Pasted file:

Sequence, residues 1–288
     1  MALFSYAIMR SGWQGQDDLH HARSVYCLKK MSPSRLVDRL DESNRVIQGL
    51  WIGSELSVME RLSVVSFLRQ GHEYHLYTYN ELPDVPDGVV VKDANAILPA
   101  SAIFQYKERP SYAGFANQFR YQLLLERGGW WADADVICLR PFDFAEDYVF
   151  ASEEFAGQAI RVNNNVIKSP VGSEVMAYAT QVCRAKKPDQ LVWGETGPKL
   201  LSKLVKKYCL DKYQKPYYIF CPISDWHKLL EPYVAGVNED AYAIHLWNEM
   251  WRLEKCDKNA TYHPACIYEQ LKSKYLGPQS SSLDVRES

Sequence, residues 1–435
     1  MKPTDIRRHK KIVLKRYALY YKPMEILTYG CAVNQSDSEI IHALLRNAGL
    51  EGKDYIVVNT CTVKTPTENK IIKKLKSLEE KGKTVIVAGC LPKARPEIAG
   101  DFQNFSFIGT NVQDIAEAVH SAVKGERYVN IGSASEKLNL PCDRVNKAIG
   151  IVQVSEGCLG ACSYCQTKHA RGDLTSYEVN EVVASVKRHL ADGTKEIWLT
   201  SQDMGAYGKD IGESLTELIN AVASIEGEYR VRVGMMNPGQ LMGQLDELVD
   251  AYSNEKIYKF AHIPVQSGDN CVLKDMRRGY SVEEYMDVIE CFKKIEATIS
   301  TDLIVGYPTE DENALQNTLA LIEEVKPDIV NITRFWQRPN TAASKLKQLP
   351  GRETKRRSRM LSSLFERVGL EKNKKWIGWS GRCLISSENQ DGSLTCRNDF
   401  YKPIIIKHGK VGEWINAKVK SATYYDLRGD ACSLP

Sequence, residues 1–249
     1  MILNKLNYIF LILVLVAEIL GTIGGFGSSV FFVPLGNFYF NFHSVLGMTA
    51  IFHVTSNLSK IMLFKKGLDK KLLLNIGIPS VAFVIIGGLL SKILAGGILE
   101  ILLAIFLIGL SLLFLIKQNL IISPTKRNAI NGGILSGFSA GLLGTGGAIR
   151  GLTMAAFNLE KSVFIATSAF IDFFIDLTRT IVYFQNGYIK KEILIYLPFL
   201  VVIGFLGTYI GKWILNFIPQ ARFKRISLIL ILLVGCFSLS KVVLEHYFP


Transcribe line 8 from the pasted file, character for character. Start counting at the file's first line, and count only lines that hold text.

Sequence, residues 1–435